Every year, over two million special education children and their families lose their lives to suicide. Many of these young victims were simply being pushed too far by proper special needs after school care. The sad fact is that our nation’s school systems put far too much importance on standardized tests and rigid curriculums. But rather than focus on learning and integration, our schools select students on the basis of scores, and fail to teach the skills and knowledge that matter. That kind of education leads not only to mass hysteria in classrooms, but also to mass confusion and frustration among parents and kids alike.
Unfortunately, the heart of our nation’s special education system is being led by those who are more interested in profit than they are in providing quality education. At public schools and universities, administrators often feel they have no obligation to make sure special needs children receive a quality education. In private schools, parents often worry that schools don’t take their children seriously or don’t care about them. And at the very worst, some schools simply ignore special needs altogether, leaving kids to fend for themselves in the wake of a devastating crisis.
There is hope, though. That’s the great thing about America’s special education system. It exists to serve the entire population, and everyone from kindergarten to twelfth graders can find a special program that works for them. All you need to do is look around. There are special programs for gifted students, disabled students, English learners, and even those with learning problems, behavioral issues, or physical ailments.
You don’t have to go to a special education center or take a specialized class teaching one specific subject. Instead, there are excellent opportunities to get an education through after-school programs, community-based activities, summer camps, after-school tutoring, and home schooling. These options allow children to go to school and learn without worrying about getting along with other students or dealing with any particular learning issue. They can excel in school and make friends, and develop lifelong relationships while doing so. In many cases, these kids grow up to be doctors, lawyers, economists, or inventors.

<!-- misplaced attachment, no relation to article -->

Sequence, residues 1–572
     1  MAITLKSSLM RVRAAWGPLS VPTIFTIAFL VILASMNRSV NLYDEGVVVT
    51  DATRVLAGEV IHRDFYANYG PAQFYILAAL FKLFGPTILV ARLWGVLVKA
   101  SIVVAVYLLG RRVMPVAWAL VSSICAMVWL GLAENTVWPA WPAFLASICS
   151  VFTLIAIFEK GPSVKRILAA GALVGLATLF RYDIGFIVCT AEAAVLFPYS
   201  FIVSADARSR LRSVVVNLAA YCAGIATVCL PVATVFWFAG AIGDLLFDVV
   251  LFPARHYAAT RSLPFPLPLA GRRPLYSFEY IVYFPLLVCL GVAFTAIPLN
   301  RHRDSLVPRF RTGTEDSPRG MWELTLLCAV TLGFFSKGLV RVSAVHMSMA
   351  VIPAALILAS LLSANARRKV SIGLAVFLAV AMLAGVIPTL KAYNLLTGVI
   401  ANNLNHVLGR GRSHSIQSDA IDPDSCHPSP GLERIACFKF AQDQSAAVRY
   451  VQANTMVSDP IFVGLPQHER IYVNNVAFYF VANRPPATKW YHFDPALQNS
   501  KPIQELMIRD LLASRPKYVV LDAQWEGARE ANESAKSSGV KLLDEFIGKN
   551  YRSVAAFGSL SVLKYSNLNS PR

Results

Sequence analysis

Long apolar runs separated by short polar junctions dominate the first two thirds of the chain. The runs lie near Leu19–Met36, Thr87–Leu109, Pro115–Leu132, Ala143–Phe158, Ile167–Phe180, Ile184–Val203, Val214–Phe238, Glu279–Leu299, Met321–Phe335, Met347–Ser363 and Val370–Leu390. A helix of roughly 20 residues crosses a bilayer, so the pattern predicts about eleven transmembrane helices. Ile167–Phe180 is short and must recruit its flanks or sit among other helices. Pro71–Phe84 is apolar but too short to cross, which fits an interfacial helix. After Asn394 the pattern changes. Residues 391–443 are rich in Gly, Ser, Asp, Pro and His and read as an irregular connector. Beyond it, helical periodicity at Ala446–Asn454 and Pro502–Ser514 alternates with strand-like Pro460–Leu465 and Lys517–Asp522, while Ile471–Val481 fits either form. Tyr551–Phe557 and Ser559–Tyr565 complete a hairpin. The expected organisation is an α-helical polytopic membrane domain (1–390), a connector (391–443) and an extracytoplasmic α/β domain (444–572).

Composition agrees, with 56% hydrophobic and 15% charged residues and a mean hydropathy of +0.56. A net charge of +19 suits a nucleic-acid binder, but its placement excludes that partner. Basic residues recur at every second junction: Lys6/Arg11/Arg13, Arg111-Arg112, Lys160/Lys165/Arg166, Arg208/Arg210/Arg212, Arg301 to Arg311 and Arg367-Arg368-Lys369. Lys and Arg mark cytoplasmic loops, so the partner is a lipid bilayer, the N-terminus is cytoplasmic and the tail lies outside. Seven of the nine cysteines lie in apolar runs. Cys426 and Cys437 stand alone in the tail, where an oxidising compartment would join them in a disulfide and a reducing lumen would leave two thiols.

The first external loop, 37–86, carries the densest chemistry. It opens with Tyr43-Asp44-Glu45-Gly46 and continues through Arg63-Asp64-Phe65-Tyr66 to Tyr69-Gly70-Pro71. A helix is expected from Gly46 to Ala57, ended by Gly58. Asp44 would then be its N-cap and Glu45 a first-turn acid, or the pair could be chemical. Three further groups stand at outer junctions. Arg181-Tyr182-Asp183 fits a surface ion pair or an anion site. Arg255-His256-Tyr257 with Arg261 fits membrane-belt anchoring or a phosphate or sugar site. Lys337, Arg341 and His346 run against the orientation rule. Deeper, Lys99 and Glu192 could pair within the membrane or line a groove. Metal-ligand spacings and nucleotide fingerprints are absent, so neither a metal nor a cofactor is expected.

That’s the good news. The bad news is that most of these opportunities involve some degree of social work. That means kids who are diagnosed with special needs often don’t receive the same level of love, support, and encouragement from their families as other kids. These kids are not offered the same privileges as other kids. If they had a loving and supportive environment at home, then chances are they would fare better in school, too.
Thankfully, there are some exceptional programs out there for special education children. In some states, there are specially trained teachers and administrators who have received professional training in all areas of special education. These administrators can work with the parents and the child to help the child meet his or her educational goals. Whether you’re dealing with a child who has Asperger’s Syndrome, cerebral palsy, autism, or some other type of learning disability, you can find an excellent special education program.